Welcome to Amagi Brilliant Park!

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Amagi Brilliant Park, a land of broken dreams that only draws an average of 200 visitors a day to its run-down rides and attractions. As it turns out, this small amusement park is actually staffed by beings from a magical realm called Maple Land, and the magical energy that is generated by the enjoyment of its visitors is necessary for their continued existence.

However, due to reduced visitor levels, they have just three months left to attract 250,000 visitors — if they fail, Amagi will be closed and the land taken by a real estate agency. To save the park from closure, Amagi’s owner, Latifah Fleuranza hires Kanie Seiya, a good-looking perfectionist with a history in the entertainment business, to become its new manager and bring in the required number of visitors…

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There is always one constant: the visuals are gorgeous…

There are two things I recalled immediately about Amagi when I sat down to think about this post. First, that the two main characters, Kanie and Isuzu, gave me the impression that someone was trying for the main couple of Bakemonogatari (I’ve previously thought that Uchiyama Kouki reminded me a little of Kamiya Hiroshi, and Isuzu’s behaviour in the first couple of episodes was very Senjougahara-ish…) They’re not, but it was kind of unfortunate, because for me, the Bake pair are pretty difficult to beat in terms of my favourite anime couples, canon or otherwise…

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And not just for the backgrounds!

The other thing I remembered, however, makes Amagi extremely fun to watch. The key is to realise that our characters actually have some rather strange names: KANIE Seiya (NB: his first name has the kanji for West); Aisu KYUUBU is his aunt, whom he lives with; Latifah is Amagi’s owner; Isuzu SENTO is the person who becomes Kanie’s aide; and KURISU Takaya is the face of the real estate company, who keeps reminding them of the looming deadline. As you might have noticed, I’ve put the names in the relevant order as opposed to either Japanese or Western name order, because what we have in Amagi Brilliant Park is effectively, as a poster on reddit put so succinctly:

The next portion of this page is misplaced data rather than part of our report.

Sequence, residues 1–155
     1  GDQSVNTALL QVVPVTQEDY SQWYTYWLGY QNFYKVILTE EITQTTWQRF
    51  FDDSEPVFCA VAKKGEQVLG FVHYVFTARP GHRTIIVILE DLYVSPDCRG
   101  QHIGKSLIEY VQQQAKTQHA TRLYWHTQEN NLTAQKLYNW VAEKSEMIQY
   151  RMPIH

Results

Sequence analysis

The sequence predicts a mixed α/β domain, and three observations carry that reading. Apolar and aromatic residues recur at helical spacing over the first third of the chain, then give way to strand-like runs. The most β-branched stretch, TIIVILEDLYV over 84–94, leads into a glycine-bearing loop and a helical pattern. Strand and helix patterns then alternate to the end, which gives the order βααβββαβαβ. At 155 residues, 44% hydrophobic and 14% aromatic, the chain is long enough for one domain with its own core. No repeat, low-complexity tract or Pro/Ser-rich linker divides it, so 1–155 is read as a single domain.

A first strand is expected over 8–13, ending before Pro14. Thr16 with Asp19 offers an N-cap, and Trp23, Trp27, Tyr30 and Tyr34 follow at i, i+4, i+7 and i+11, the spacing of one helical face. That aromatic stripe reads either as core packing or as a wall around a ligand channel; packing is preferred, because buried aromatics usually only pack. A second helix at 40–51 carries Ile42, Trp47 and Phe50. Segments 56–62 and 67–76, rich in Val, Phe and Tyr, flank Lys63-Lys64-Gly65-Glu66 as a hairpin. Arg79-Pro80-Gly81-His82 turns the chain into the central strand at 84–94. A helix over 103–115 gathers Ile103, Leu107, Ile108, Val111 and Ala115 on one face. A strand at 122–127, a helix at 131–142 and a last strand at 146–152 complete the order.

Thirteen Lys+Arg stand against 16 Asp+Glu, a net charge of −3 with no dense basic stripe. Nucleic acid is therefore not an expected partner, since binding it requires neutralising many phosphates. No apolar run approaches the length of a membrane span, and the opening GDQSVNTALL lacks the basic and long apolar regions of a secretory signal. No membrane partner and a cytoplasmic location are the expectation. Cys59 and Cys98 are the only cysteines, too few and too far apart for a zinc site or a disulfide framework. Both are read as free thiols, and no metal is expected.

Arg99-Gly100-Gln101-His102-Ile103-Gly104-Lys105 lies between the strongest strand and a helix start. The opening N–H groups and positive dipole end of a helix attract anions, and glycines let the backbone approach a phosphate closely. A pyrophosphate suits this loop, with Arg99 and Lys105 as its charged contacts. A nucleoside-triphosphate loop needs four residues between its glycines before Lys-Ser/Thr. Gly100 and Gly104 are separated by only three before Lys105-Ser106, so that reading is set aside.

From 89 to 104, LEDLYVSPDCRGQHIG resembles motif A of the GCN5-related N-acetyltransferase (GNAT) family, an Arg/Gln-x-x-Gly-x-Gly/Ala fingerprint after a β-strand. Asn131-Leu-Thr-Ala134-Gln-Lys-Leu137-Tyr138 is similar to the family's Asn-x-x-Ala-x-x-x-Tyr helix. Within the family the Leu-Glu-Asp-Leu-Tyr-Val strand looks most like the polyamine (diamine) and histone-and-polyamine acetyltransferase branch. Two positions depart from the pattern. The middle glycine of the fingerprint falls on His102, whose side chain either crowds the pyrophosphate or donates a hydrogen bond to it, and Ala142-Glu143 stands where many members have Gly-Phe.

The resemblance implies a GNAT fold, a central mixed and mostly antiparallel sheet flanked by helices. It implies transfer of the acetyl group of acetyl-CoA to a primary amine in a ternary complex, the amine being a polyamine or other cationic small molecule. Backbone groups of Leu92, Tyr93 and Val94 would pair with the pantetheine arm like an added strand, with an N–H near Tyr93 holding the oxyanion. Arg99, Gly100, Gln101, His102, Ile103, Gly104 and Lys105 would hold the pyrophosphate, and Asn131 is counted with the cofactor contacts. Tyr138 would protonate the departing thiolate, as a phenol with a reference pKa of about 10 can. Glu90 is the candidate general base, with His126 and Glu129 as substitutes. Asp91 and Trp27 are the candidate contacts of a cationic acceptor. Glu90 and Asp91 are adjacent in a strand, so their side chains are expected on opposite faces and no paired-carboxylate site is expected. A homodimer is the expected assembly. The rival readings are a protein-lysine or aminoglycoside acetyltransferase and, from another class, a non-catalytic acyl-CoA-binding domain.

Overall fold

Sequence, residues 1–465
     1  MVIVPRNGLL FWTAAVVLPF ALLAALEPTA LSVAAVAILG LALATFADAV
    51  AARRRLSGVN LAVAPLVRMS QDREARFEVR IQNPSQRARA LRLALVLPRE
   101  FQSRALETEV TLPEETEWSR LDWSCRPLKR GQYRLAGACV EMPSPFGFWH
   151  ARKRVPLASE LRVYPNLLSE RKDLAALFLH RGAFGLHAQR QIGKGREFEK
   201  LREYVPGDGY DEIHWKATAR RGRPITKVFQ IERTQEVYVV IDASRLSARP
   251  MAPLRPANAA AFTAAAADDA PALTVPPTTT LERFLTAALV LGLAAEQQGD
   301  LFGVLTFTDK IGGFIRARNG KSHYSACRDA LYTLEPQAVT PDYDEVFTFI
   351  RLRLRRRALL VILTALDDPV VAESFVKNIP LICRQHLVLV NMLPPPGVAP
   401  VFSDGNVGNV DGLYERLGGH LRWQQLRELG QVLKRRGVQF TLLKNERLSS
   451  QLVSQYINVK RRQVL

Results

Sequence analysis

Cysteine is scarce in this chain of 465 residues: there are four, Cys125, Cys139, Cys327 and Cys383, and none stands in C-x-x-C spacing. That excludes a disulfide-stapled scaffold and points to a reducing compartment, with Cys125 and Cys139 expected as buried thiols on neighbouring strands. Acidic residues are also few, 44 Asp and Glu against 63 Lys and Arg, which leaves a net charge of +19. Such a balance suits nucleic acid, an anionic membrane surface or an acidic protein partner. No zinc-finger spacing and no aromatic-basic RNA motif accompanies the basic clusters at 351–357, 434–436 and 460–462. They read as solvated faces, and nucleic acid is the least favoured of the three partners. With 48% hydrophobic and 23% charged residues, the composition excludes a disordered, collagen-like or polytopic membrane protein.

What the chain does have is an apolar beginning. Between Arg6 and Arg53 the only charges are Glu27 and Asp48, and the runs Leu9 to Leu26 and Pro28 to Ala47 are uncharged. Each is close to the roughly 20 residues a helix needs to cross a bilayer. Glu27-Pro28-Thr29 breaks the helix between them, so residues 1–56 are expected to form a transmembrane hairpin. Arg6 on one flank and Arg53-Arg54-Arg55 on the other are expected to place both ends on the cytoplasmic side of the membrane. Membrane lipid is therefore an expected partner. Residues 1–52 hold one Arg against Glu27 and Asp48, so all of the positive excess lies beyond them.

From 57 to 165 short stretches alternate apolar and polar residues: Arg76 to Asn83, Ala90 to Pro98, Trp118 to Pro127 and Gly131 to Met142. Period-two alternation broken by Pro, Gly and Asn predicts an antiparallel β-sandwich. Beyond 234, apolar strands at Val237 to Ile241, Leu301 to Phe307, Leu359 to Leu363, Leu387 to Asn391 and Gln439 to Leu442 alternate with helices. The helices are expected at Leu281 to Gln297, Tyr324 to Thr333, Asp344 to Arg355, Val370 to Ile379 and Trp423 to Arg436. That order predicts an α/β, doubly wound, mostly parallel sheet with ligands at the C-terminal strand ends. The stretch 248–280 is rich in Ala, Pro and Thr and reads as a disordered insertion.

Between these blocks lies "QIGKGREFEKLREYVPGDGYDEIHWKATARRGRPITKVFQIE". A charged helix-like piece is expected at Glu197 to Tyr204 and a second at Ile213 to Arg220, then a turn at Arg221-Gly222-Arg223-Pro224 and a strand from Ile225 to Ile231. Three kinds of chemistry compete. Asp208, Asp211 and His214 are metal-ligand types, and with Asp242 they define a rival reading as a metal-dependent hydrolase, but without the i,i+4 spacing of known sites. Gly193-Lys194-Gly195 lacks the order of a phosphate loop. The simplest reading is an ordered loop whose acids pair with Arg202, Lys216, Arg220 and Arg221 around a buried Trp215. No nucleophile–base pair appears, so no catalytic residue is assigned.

From now on the show I’m watching has Kanye West living with Ice Cube, running a theme park for Queen Latifah. He has 50 Cent for his assistant, and the main bad guy is Chris Tucker.

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And where that comic timing worked, it WORKED:
this scene almost had me in tears!

Besides the major laugh I got out of that real world connection, Amagi has some interesting things to share about people and the things we do. I really liked Kanie’s observation in the second episode that the pride that the park’s staff still had for their work could be perceived in their anger at the way he put down their visitors. Then, there was the way in which Kanie and Sento complement each other’s strengths and weaknesses, and the fact that Kanie acknowledged that. The dungeon and pirate episodes were also loads of fun, both in how nostalgic they were and in their send-ups of those famous Hollywood film genres. Furthermore, since the work on which it was based is a novel by the author of Full Metal Panic!, there were a few humorous ‘breaking the 4th wall’ exchanges for those in the know.

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What I can do, you can’t…but what I can’t do, you can…

Nevertheless, Amagi still hit nothing more than the middle of the pack for me. Kyoto Animation remains top when it comes to character animation, but no matter how good its animation is, a show has to have more than that. And there were shows and characters that I found funnier, more heartwarming and/or more interesting over the course of yesteryear. As for the ending…to be frank, I would like to see where the story goes, but I’m not invested enough to check out the original novel. To me, Amagi is worth a watch…but no more than one.

About karice
MAG fan, amateur translator and political scientist-in-training. I also love musicals, travel and figure skating!

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